Children’s book ‘The Lincolnshire Puppy’ grabs commendation at national education awards
A children’s book which encourages primary school pupils across Lincolnshire to aim high in their ambitions has won a commendation at a national education awards.
The Lincolnshire Puppy is an illustrated story telling the tale of a mischievous dog who gets into all sorts of scrapes until his friends show him that learning is fun and a route to be anything he wants to be. With references to famous Lincolnshire landmarks and institutions, from Lincoln Cathedral to the Red Arrows, the book aims to build confidence and aspiration in young children so that they can realise their ambitions – and discover that learning can also be fun.
It is a publication from the Lincolnshire Outreach Network – a partnership of higher education providers from across Lincolnshire led by the University of Lincoln. It is written by Elly Sample with illustrations by Ruddocks Design of Lincoln and a foreword by the broadcaster and naturalist Chris Packham, a Visiting Professor at Lincoln.
Free copies of The Lincolnshire Puppy were posted to almost 300 primary schools across the region for Early Years and Year 1 classes in the 2016/17 school year. A competition was also launched for children of other age groups to claim their free copy by sending in stories and pictures about what they want to be when they are older. The first print run of 10,000 books quickly ran out and a further batch of the same size was ordered to meet demand.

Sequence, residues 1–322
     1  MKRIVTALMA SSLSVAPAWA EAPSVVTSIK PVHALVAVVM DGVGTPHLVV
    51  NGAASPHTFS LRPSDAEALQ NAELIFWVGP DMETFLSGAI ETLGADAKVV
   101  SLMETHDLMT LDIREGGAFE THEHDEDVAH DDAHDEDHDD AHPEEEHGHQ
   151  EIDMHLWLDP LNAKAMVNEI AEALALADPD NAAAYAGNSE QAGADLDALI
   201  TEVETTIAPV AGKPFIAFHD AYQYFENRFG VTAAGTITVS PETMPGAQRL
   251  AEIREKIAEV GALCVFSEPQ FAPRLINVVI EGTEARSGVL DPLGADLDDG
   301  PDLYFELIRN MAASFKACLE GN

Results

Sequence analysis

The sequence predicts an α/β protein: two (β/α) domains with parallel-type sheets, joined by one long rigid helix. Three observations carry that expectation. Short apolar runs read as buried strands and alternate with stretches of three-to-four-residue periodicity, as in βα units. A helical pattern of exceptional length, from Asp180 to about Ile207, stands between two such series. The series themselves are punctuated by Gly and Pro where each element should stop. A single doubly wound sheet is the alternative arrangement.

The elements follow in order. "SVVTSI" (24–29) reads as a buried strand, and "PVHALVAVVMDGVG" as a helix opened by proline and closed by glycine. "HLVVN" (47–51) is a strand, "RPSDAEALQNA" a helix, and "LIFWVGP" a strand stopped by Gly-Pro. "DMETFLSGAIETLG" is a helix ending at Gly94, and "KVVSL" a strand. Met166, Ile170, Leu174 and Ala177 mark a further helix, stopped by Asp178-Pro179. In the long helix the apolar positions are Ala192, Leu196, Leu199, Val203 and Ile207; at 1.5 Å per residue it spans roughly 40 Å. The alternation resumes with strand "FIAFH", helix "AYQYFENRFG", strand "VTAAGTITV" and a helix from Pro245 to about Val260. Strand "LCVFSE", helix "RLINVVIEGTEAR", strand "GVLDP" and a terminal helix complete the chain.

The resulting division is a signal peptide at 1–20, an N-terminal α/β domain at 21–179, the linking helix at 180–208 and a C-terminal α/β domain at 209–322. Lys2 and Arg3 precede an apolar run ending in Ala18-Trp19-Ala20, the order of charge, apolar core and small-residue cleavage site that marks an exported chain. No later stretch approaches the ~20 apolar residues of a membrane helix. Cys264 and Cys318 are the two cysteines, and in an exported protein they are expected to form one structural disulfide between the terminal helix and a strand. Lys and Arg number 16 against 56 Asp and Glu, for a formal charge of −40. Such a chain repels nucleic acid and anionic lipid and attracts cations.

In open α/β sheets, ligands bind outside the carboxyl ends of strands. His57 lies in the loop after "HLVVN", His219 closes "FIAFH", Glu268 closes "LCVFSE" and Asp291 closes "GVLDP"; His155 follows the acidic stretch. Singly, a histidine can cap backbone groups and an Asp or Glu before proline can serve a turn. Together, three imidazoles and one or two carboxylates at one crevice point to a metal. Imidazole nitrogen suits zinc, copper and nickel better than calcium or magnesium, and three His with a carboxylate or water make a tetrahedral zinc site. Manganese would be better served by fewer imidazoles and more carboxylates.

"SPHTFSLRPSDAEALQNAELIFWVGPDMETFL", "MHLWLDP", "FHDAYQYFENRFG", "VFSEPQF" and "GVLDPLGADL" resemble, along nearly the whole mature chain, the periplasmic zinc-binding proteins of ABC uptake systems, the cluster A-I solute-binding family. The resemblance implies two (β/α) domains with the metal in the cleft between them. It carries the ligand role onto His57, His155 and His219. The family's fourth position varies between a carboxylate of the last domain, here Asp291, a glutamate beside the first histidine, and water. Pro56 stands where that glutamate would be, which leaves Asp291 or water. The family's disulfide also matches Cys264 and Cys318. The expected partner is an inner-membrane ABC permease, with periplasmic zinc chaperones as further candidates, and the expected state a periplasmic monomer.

The Lincolnshire Puppy was Highly Commended in the Best Community / Business Engagement category at the national HEIST Awards 2017*, which celebrate the excellence and innovation of everyone involved in education marketing, from regional colleges to global university brands. Elly Sample, Director of Communications, Development & Marketing at the University of Lincoln, said: "We are delighted to be recognised by HEIST for our engagement with primary school children across Lincolnshire.
"Higher education is a life-changing experience and yet for many reasons there are still significant barriers that mean young people from less advantaged backgrounds are under-represented at universities. Lincolnshire in particular has some stark higher education cold spots – places where the percentage of teenagers progressing to university is significantly lower than would be expected based on their academic achievements at school."
"There is evidence that children's journeys in education are largely determined before they reach secondary school, which is why The Lincolnshire Puppy aims to encourage and inspire young children, their parents and carers to aim high, whatever their ambitions."
Paul Banton, Managing Director at Ruddocks said: “As a company we are very focussed on our local community and we are delighted to be working with the University of Lincoln to promote and encourage ambitions of the young people in our county, whether that be academic or vocational. This is just one of many educational support projects Ruddocks are currently involved in; it is an important role of local businesses to provide guidance and mentoring for the workforce of the future.”